This section is from the book "Applied Anatomy: The Construction Of The Human Body", by Gwilym G. Davis. Also available from Amazon: Applied anatomy: The construction of the human body.
For convenience of study we may consider the structures in the median line, and those regions anterior and those posterior to the sternomastoid muscle, between it and the trapezius. The posterior portion of the neck will be described in the section devoted to the back.
These regions or triangles are simply arbitrary divisions, made for convenience of description. They are sometimes spoken of in reference to the location of growths, operative incisions, etc. They comprise the space between the trapezius muscle posteriorly, the median line anteriorly, the clavicle below, and the lower jaw above.
Viewed from in front, the median portion of the neck may be divided into three regions, the submental, laryngeal, and tracheal.
The submental region extends from the chin to the lower border of the body of the hyoid bone; it is limited laterally by the anterior belly of the digastric 'muscle on each side. Ranula and other sublingual tumors cause a bulging in this region and it is frequently occupied by an enlarged lymphatic node, which at times suppurates and forms an abscess. The floor of the space is formed by the mylohyoid muscle and there are no dangerous structures, so that no hesitancy need be had in incising abscesses in this locality nor in removing diseased lymph-nodes, In carcinoma involving the lower lip near the median line these nodes may be affected and their involvement in such cases should always be looked for. The submaxillary lymphatic nodes farther outward may also be implicated. The tip of the epiglottis projects above the hyoid bone in this region.
Fig. 161. - Anterior surface of the neck.
The laryngeal region extends from the under surface of the hyoid bone to the lower edge of the cricoid cartilage. Laterally it is limited to the space occupied by the larynx. The cricoid cartilage is included in this region as a part of the larynx. The vocal cords are just beneath the most prominent part of the thyroid cartilage.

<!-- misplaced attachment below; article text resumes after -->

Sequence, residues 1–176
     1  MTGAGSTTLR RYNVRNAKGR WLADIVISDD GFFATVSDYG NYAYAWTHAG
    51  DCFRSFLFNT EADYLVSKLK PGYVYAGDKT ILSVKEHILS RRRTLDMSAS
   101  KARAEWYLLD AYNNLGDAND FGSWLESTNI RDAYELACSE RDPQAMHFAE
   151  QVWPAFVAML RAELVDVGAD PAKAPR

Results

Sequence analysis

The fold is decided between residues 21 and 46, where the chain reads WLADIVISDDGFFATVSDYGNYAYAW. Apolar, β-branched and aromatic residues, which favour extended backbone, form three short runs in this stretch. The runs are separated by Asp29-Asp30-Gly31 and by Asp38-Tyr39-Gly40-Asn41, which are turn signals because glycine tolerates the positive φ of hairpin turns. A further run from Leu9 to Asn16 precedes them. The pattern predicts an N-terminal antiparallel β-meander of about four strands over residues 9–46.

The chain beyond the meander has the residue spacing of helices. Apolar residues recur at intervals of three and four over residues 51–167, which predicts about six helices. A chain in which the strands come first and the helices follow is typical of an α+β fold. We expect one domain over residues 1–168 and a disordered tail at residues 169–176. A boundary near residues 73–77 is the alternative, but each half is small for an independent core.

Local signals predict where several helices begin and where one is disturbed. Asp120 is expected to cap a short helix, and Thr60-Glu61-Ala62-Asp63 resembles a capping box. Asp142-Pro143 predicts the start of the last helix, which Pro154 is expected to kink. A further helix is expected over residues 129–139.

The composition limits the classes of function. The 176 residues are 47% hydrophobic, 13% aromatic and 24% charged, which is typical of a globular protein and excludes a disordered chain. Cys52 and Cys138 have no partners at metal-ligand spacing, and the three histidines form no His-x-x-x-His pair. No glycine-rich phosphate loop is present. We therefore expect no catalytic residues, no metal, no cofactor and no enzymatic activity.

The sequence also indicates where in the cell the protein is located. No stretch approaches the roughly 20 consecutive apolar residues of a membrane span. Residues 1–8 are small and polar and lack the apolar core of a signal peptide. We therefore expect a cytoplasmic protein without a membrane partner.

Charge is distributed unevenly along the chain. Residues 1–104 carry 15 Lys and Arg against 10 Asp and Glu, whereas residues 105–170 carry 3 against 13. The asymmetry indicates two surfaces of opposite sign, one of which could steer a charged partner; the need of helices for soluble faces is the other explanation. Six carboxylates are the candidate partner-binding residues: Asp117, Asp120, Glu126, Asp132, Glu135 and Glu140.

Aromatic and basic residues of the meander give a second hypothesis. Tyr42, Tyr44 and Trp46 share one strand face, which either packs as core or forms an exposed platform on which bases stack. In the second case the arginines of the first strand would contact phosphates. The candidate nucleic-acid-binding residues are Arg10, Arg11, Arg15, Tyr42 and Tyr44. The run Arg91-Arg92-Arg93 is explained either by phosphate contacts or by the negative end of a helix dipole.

The tracheal region extends from the lower edge of the cricoid cartilage to the top of the sternum. Just above the sternum, between the sternal origins of the sternomastoid muscles, is the suprasternal notch or, as it is called by the Germans, the Jugulum. Laterally the region is limited by the sides of the trachea.
There are seven or eight rings of the trachea between the cricoid cartilage and the top of the sternum. It is covered partly by the sternohyoid and sternothyroid muscles. The former in the lower half of their course pass outward, leaving a space in which the sternothyroid muscles are seen. The sternohyoid muscle arises from the upper and outer portion of the manubrium, the sternoclavicular ligament, and the inner end of the clavicle. The origin of the sternothyroid is wider than that of the sternohyoid and is lower down. It arises from the first piece of the sternum near the median line, below the sternohyoid, and from the cartilage of the first rib. The first ring of the trachea is not covered by any important structure. The second, third, and fourth rings are covered by the isthmus of the thyroid gland; from here down the inferior thyroid veins may lie on the trachea for at least part of their course. The anterior jugular vein may exist either as a single vein in the median line or to one side of it, or one may pass downward on each side of the median line with a communicating branch from one to the other crossing the median line in the suprasternal notch. The cricothyroid artery, a small branch of the superior thyroid, may cross the cricothyroid membrane, but it is usually too small to cause any troublesome bleeding.
On passing the finger downward from the symphysis it sinks into a hollow, on crossing which the hyoid bone is felt. On pressing the finger into this hollow it rests between the digastric muscles on each side and the mylohyoid muscles beneath. Still deeper than the mylohyoid are the geniohyoid and geniohyoglossus muscles attached to the genial tubercles on the inner side of the mandible. If the lymphatic nodes at this point are enlarged they may be felt. (Fig. 161).
Fig. 162. - Showing anterior and posterior cervical and subsidiary triangles.
The hyoid bone can usually be readily felt in the median line. If it is not easily discovered in the median line it can be felt by a finger and thumb placed on each side of the neck above the thyroid cartilage.
Passing over the hyoid bone the finger then sinks into the space between it and the top of the thyroid cartilage. This space is bridged by the thyrohyoid membrane. Next comes the thyroid cartilage or "Adam's apple." It can readily be seen in adult males and thin people, but in the fat necks of women and children, though it can still be felt, it often cannot be seen. The finger then sinks into the space between the thyroid cartilage above and the cricoid below. They are connected by the cricothyroid membrane, over which runs a small branch (cricothyroid) of the superior thyroid artery.
The prominence of the cricoid cartilage can be seen in thin people and if carefully searched for can be felt in almost all cases. It is opposite the sixth cervical vertebra, a most important landmark. From the cricoid cartilage down to the sternum only soft structures can be felt. The sternum projects forward and the trachea inclines backward so that opposite the top of the sternum the trachea is about 2 cm. behind it. The distance between the top of the sternum and cricoid cartilage in an adult male is about 4.5 cm. (1 3/4 in.).